GAO: Some States Experienced Significant NCLB Waiver Problems

gaoSome states had a difficult in implementing programs to improve classroom achievement that were part of the No Child Left Behind waivers that they won from the Education Dept., according to a Government Accountability Office report.

Twelve of of the 43 states with NCLB flexibility waivers faced multiple challenges that affected their ability to fulfill classroom improvement that they promised to win the DoEd waivers from onerous portions of the NCLB law.

Last year, Congress passed the Every Student Succeeds Act (ESSA), which replaced the NCLB and removed the most arduous parts of the old federal education law. However, GAO reviewed the waiver process to analyze how DoEd could better implement the waiver process under the ESSA.

The new law specifically prohibits DoEd from requiring states to include specific academic standards in their waiver requests or to use specific academic assessments as a condition of waiver approval, the report said.

Since introducing its flexibility initiative in 2011—inviting states to request a waiver from certain provisions of the NCLB — DoEd monitored states’ efforts and identified challenges to states’ ability to fully implement their waivers. According to GAO’s analysis DoEd used a risk assessment process to document these challenges throughout the waiver approval.

Overseeing states, local districts and schools was particularly challenging for states, according to GAO’s analysis.

For example, Washington state was unable to implement a teacher and principal evaluation and support system that included student learning growth as a significant factor. A state official told auditors they attempted to design a system that would meet the needs of various stakeholders, including teachers, but ultimately the system was not implemented because the state legislature did not approve the changes needed to put the system in place, the report said.

In addition, Arizona officials said state laws and rules from the state board of education limited their ability to implement an accountability system that was consistent with their flexibility waiver request.

The 12 states that faced multiple significant challenges were: Alabama, Arizona, Florida, Louisiana, Massachusetts, Nevada, New Hampshire, Ohio, Oklahoma, Pennsylvania, South Dakota, and Texas, according to GAO’s analysis.

Some of these states were unable to fully address the challenges Education identified when their waiver was initially approved. For example, DoEd identified risks related to Pennsylvania’s capacity to monitor interventions in “focus schools” prior to approving the state’s flexibility waiver and subsequently found during Part B monitoring (nearly two years later) that the state lacked a plan to conduct such monitoring, according to GAO’s analysis. Pennsylvania officials told auditors that these weaknesses resulted from not documenting how interventions in focus schools were consistent with the state’s plan to improve student achievement in these schools, according to GAO’s analysis.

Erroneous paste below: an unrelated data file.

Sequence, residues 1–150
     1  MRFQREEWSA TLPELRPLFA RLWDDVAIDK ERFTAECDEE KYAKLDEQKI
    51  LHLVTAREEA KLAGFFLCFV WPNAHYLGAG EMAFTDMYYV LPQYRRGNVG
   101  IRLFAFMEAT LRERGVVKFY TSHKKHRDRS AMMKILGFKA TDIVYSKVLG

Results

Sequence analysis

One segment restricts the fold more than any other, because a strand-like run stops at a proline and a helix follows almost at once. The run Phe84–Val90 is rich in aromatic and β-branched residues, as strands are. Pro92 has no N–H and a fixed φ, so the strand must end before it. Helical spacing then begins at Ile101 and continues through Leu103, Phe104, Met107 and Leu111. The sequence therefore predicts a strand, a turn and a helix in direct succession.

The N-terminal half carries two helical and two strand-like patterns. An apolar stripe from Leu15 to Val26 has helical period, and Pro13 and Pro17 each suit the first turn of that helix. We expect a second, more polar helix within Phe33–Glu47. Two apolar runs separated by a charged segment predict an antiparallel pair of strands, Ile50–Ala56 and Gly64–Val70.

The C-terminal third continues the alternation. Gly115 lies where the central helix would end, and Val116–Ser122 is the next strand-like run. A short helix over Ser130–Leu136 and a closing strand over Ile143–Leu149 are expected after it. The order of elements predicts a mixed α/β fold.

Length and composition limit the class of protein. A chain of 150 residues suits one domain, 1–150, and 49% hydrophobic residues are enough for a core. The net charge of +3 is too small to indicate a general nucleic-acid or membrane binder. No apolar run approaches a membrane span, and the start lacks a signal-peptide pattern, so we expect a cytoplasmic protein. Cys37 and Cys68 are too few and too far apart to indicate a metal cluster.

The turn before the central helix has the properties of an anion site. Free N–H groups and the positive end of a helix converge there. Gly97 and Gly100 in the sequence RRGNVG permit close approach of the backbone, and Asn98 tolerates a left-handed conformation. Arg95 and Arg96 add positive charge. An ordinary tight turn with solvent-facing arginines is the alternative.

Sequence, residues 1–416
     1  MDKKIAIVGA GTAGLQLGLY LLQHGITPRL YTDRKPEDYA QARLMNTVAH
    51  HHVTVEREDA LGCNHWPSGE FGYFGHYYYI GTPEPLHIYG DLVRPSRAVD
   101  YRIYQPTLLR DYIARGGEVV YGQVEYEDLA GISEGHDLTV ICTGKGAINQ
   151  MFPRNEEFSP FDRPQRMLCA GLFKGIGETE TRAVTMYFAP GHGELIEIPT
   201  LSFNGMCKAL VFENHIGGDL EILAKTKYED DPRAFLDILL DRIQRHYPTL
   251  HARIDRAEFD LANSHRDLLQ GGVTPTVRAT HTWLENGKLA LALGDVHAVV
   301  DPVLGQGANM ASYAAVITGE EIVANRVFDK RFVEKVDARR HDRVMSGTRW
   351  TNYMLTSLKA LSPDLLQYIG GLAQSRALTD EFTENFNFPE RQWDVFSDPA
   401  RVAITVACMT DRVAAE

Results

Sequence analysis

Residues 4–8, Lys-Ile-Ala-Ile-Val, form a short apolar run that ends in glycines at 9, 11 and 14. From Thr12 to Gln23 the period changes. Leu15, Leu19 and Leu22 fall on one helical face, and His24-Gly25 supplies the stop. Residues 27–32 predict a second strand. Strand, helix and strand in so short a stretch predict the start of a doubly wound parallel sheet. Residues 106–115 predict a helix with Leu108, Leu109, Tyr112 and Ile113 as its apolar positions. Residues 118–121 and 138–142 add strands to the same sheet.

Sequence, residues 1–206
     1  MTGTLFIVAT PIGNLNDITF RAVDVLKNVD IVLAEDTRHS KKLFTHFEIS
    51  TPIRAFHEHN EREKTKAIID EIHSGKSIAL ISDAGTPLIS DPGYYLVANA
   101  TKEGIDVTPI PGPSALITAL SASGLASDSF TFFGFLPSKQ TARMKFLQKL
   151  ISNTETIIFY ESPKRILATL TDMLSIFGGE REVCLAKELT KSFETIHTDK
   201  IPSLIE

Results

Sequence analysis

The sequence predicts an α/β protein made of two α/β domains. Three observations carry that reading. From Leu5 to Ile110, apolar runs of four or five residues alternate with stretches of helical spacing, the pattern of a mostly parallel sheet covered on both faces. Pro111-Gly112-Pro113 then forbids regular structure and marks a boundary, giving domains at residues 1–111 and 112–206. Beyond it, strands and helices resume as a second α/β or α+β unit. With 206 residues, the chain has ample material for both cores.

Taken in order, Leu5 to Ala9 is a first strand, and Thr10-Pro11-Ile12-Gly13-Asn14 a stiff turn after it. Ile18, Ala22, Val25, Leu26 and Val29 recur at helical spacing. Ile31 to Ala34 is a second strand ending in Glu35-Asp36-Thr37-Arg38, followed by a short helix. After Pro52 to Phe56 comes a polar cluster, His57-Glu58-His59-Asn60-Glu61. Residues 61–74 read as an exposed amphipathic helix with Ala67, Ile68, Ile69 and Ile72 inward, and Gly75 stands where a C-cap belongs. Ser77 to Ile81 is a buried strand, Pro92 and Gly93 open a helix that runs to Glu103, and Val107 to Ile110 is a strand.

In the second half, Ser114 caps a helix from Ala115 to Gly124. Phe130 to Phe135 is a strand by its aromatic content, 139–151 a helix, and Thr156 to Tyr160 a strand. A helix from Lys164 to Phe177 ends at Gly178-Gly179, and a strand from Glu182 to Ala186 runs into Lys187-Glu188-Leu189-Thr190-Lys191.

Many of these states were particularly challenged to develop systems for overseeing local school districts and schools. Specifically, during Part B monitoring, DoEd found that eight of the 12 states identified as facing multiple challenges did not meet expectations regarding systems for monitoring local implementation. According to education officials, many states were not implementing monitoring activities consistent with their approved Flexibility waivers and the key Flexibility principles. For example, Education found that Alabama did not have a formal monitoring mechanism to ensure its interventions in priority schools, focus schools and other Title I schools met the requirements of the Flexibility initiative. New Hampshire did not monitor its districts’ adoption and implementation of college- and career-ready standards, the report said.

The waivers granted under Education’s Flexibility initiative have terminated and states are preparing to develop and implement new Title I plans under the newly reauthorized law, the ESSA. Education continues to develop its oversight and technical assistance strategies for implementing the ESSA, which includes different requirements related to school accountability, among other things. GAO recommended, and DoEd concurred, that the department should use best practices from waiver oversight on the new ESSA waivers, the report said.

Info: http://goo.gl/RUav6T (report).

About Frank Klimko

Frank Klimko is a nationally known journalist, grants expert and speech writer/speaker. He has years of experience helping nonprofits devise lists of the right funding opportunities and secure funding from these foundations and corporate entities. Clients have focused on an array of areas including child care, homeless, hunger and K-12 education. Additionally, he is a Freedom of Information Act expert, who has helped numerous clients with securing proprietary information from the federal government. Currently, Frank Klimko writes the Children & Youth Funding Report and Private Grants Alert, which are Washington DC-based publications. CYF is a daily publication covering Congress, the Education Dept. and the various federal regulatory agencies. PGA, another daily publication, covers the world of private philanthropy.
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